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$$\text{wage}=b_0+b_1\text{exper}+ b_2\text{exper}^2 + \textit{other variables}$$

How can I find the marginal effect of experience on wage? I thought it was just the derivative: $b_1$+$b_2$, but, for example, if I try plugging in numbers that are different by one year (experience 10 years => experience 11 years), that doesn't seem to be right:

$2.36\times 11-0.077\times 121-2.36\times 10+0.077\times 100=0.743$

Marginal: $2.36\times 1-0.077\times 1=2.283$

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    $\begingroup$ What makes you feel that the answer is not correct? By the way, if you would like us to check it, please don't make us guess what you're doing: explain what the numbers "2.36", "11", etc. correspond to. BTW, I notice that some of your previous questions, such as stats.stackexchange.com/questions/43197, have been marked up in $\TeX$: it would be nice if you would mark this one up, too, to make it readable. $\endgroup$ – whuber Nov 10 '12 at 23:27
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The marginal effect of experience on wage is the derivative $b1 + 2(b2)(exper)$, and varies with the number of years experience. For 10 years experience, the Marginal calculation should therefore be:

$2.36 - 2(0.077)(10) = 0.82$

Comparison of the wage at 10 and 11 years experience is only an approximation to the marginal effect at 10 years. A more accurate approximation can be obtained by comparing 10 and 10.1 years. This gives a difference in wage of:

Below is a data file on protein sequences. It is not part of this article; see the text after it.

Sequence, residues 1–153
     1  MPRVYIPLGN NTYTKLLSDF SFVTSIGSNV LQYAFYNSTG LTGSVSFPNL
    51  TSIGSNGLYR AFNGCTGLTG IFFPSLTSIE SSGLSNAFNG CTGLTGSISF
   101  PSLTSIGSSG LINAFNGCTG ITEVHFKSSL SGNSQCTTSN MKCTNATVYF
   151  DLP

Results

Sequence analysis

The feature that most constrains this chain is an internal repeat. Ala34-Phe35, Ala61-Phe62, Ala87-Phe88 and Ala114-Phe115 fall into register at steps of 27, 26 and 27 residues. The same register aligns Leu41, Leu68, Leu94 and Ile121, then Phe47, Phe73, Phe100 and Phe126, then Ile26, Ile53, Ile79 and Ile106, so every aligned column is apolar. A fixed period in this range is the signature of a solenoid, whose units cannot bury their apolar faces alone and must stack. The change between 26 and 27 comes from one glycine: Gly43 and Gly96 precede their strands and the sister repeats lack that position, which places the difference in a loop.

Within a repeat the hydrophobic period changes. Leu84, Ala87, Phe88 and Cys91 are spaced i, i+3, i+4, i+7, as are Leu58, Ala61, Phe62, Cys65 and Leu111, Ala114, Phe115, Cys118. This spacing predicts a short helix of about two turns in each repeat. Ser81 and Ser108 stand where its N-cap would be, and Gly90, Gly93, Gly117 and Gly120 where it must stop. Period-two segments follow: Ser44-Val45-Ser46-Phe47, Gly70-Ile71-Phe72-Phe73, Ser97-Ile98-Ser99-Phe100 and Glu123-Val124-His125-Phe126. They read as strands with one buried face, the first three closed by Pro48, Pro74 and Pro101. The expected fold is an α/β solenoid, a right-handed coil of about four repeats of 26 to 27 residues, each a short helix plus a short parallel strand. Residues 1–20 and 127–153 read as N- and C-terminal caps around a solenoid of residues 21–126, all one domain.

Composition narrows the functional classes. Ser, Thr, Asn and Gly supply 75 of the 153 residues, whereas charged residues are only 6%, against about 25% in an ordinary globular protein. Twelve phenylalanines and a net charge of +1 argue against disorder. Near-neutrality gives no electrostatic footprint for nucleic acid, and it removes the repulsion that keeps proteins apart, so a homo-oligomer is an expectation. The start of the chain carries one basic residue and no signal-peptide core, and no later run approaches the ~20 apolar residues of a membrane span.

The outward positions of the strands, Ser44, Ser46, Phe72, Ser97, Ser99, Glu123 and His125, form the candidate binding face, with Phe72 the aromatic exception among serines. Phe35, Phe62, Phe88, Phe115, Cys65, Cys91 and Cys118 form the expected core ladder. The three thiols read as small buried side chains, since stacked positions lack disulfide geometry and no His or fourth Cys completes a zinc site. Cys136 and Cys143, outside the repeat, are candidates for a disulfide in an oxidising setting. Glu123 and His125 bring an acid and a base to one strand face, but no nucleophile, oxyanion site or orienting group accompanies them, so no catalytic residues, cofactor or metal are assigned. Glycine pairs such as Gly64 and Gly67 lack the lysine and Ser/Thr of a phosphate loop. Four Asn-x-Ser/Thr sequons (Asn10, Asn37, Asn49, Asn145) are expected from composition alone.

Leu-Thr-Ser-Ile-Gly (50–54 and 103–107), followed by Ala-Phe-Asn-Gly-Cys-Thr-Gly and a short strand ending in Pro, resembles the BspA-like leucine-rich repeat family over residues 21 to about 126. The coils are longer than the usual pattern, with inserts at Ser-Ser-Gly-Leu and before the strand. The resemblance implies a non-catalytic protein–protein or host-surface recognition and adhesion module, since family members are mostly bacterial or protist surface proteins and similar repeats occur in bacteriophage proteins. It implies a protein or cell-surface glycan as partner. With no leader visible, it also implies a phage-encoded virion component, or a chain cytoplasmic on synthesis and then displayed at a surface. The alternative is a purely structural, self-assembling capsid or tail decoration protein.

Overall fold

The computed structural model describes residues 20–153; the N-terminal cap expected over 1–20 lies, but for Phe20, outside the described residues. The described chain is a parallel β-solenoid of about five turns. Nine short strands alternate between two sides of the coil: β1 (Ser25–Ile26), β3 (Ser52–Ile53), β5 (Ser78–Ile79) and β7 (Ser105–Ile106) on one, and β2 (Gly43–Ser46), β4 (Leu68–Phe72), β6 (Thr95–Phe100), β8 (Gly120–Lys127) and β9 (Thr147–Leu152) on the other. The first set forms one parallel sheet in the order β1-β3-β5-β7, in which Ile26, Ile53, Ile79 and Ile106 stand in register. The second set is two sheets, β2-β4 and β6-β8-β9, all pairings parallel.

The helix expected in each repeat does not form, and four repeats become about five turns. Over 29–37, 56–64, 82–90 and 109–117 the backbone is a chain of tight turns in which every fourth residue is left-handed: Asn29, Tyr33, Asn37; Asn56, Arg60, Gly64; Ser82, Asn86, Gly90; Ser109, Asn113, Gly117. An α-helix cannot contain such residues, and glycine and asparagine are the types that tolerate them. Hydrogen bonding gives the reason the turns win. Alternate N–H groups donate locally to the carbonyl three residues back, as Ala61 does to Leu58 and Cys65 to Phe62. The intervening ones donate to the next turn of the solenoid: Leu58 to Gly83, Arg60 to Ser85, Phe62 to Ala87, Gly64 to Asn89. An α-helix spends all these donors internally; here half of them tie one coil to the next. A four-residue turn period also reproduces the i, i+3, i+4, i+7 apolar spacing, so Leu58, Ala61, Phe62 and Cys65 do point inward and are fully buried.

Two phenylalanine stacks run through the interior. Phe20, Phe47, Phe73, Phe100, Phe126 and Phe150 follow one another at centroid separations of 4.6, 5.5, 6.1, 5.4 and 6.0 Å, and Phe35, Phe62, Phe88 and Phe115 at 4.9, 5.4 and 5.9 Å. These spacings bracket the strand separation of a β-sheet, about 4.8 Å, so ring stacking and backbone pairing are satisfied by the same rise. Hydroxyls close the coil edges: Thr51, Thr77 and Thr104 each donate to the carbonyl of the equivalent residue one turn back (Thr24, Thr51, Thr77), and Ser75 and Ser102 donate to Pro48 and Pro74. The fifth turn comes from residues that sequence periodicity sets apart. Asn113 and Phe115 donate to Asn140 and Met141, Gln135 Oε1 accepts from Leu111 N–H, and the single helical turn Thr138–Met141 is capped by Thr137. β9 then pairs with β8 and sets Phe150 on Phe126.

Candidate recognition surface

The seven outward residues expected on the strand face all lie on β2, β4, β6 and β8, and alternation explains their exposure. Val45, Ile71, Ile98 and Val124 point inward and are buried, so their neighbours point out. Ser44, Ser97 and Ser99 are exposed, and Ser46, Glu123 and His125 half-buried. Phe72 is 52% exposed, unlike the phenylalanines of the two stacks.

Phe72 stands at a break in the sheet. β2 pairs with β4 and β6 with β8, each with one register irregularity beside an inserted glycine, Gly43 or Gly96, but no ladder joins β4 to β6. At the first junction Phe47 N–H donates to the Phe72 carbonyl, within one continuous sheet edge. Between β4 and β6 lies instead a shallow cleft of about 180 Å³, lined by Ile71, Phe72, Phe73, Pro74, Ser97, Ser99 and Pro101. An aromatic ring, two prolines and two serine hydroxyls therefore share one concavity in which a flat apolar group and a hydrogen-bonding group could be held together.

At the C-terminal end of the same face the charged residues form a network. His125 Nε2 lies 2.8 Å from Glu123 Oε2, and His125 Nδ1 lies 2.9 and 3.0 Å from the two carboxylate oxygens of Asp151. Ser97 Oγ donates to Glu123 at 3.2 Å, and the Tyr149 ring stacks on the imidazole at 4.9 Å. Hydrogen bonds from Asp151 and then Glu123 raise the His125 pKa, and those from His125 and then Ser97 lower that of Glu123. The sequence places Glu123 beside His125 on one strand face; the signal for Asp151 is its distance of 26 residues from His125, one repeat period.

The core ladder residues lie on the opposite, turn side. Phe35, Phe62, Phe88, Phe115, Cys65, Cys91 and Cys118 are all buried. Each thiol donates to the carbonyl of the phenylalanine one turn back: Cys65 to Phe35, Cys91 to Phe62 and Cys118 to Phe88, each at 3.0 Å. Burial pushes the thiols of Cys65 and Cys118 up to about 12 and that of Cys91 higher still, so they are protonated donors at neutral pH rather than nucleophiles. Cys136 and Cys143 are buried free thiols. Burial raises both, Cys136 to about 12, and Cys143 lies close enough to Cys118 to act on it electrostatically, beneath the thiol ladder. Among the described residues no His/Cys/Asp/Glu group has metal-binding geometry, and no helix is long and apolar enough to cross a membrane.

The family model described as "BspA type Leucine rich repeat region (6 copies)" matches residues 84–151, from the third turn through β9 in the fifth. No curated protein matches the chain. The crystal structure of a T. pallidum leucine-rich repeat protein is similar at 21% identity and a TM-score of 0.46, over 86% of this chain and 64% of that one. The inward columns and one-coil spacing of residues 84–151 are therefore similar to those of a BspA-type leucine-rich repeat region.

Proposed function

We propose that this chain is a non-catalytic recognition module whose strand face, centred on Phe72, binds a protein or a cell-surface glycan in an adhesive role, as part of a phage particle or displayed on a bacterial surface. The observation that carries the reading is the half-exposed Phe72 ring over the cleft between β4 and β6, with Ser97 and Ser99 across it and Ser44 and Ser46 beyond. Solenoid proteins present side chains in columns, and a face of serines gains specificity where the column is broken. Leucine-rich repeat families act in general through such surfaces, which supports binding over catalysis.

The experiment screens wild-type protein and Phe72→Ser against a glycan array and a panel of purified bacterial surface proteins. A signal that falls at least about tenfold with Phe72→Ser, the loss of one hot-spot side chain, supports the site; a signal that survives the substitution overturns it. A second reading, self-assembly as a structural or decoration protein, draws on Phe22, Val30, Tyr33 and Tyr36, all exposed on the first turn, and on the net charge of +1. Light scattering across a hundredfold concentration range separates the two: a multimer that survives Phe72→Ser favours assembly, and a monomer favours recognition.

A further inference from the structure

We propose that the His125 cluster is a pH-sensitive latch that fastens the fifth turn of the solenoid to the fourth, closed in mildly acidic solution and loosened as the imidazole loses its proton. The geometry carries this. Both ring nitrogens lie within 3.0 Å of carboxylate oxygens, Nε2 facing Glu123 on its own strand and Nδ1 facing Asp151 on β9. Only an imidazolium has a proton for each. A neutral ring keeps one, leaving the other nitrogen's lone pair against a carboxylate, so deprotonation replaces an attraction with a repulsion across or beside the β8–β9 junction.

$(2.36)(10.1) - (0.077)(102.01) - (2.36)(10) + (0.077)(100) = 0.081$

Multiplying by 10 to convert to per year units yields 0.81, very close to the above.

Finally, although I was able with some effort to make sense of your question, I suggest that you take note of the comment above by whuber - it would have been helpful, for example, to have stated that the estimated values of b1 and b2 were 2.36 and -0.077.

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If your regression model is

$wage=b_0+b_1(exper)+b_2(exper)^2+(others variables) = b_0 + 2.36(exper) - 0.077(exper)^2 + (other variables)$,

then the marginal effect of experience on wages is given by the partial derivative of wages wrt experience, given by $w_(exper) = 2.36 - 2*0.077(exper) = 2.36 - 0.154(exper).$ Hence the effect of adding an extra year of experience after 10 years of experience would be an increase of

$w_(exper) = 2.36 - 2*0.077(exper) = 2.36 - 0.154(10)= 0.82$

on wages at the 10th year. The exact increase in wages is given by

$2.36*11 - 0.077*11^2 - 2.36*10 + 0.077*10^2 = 0.743$

(which is not too far off $0.82).

Remember the marginal effect is ONLY an approximation.

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